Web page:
Remember my earlier post about broadband? It’s a subject that a lot of people either don’t know about, or think they know about. I know, because in my previous job I was one of the guys on the end of the phone in a business ISP. The sheer amount of people calling up about broadband speeds was frightening, with some demanding that the “headline figure” (usually advertised some years ago as 24Mbps) should be delivered to them no matter what.
The truth is that the infrastructure (here in the UK at least) isn’t perfect, and investment tends to flow to the towns and cities with the higher populations, rather than out in the sticks where there’s less potential for a return on your investment. Getting out to those hard-to-reach areas costs more anyway.
Now there’s various types of broadband, and different companies have added some confusion by giving certain flavours a brand name. With BT it’s “Infinity”, and this name has become so prolific that other ISP’s get asked by their customers for the “Infinity” product, even though it actually applies to Fibre To The Cabinet, or FTTC.
Speeds vary wildly depending on your setup, distance from the exchange or “cabinet” and the product you’ve bought. ADSL and ADSL2+ products have now got more “realistic” speeds advertised, as have other products, and hopefully it’ll make our expectations and product selections more accurate. As an example, this broadbandgenie.co.uk infographic below does a great job of showing the differences in tech.
ADSL and ADSL2+ runs through copper and it goes either under the ground or across telegraph poles back to the exchange. Overlaid on your phone calls, you need a splitter or “microfilter” to filter out the voice and data side in your home, plus a router. The copper cables were originally dangled form those telegraph poles many, many years ago and you can’t really alter how far away your house is from the exchange, so your luck depends on proximity and line quality.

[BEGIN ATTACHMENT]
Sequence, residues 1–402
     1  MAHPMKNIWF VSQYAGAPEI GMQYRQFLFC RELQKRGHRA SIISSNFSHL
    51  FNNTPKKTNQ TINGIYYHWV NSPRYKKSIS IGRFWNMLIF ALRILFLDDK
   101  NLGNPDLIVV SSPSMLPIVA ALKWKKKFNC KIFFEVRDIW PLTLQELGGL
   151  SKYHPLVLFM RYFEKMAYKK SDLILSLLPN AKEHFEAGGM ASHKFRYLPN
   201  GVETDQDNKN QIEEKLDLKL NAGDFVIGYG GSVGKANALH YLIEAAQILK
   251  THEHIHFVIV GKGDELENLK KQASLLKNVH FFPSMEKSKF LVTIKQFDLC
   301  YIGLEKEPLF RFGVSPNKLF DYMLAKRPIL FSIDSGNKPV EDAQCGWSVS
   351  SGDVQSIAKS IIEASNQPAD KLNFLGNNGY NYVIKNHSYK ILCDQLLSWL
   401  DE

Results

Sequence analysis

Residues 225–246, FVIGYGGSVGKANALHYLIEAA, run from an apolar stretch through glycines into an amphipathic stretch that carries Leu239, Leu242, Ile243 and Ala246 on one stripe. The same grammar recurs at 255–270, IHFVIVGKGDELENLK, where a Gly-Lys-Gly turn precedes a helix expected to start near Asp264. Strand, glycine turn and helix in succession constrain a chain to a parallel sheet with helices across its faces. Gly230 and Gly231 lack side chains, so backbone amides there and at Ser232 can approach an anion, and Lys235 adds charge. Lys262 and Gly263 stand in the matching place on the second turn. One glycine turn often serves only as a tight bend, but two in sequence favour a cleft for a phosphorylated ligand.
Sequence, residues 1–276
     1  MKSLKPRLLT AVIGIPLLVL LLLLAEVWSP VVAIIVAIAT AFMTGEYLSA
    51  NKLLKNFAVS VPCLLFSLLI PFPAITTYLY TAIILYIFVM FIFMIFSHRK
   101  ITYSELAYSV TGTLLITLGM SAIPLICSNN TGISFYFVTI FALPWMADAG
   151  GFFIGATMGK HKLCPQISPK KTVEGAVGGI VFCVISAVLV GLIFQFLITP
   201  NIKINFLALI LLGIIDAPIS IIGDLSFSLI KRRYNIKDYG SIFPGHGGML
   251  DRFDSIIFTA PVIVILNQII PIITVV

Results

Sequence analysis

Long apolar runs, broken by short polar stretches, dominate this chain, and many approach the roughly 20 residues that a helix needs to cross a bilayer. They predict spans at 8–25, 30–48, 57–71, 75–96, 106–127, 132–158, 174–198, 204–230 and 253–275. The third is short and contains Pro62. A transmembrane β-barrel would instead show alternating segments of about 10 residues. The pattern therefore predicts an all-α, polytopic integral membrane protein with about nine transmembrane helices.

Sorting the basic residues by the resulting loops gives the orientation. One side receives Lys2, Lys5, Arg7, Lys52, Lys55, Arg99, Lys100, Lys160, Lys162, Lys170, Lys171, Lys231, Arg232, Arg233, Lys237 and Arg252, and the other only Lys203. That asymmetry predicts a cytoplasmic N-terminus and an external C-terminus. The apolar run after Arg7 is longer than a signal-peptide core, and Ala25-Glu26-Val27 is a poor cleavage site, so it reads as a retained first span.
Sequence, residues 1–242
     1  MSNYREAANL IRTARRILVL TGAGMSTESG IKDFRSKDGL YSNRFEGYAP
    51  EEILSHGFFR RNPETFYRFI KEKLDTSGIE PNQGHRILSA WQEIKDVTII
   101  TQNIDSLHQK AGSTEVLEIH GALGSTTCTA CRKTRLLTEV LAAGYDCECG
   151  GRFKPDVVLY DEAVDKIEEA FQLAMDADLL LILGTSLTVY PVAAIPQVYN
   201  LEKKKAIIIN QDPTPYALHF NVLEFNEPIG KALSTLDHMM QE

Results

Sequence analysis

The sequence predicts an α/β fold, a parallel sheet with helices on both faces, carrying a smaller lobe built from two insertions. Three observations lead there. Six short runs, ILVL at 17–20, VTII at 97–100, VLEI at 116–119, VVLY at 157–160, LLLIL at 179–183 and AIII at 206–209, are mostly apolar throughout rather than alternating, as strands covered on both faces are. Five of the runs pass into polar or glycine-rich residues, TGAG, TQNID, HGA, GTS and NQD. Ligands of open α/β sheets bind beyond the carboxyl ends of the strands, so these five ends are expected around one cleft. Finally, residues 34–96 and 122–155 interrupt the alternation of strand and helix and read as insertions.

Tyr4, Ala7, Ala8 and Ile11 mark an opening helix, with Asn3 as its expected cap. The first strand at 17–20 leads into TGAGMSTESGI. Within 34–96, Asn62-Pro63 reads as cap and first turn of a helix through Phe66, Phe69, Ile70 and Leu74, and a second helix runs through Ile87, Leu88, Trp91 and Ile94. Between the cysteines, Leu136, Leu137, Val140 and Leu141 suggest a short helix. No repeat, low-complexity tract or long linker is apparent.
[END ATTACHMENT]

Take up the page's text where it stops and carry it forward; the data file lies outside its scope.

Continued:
Fibre connections, at least those provided by BT, will travel from the exchange to those rather tall green boxes that you’ll see on footpaths and street corners. By using fibre optic connections they’re effectively moving the exchange into that green box, bringing it closer to your home. The remaining gap (with FTTC) from the green box to your home is bridged using standard copper cable. Nothing major needs to happen in your house other than a slightly new faceplate installation by a BT engineer and a VDSL modem / router needs to sit in your house. If you can get or afford FTTP (Fibre To The Premises) then the whole connection is via fibre and you’ll get very fast speeds indeed.
Virgin Media have their own infrastructure and roadside boxes. They’ve inherited a lot of this from many early cable operators, who dug up the footpaths up and down the country to lay down cabling a long while ago. If you’re lucky you’ll find a small cover in the pavement outside your house with “CCTV” printed on it. From this box, which covers the fibre optic cabling, Virgin Media will come and install a coax cable to make up the last few metres of the connection into your house. It’s a little bit like FTTC, but this time the green box is effectively buried in the pavement outside your home .. and you get TV too.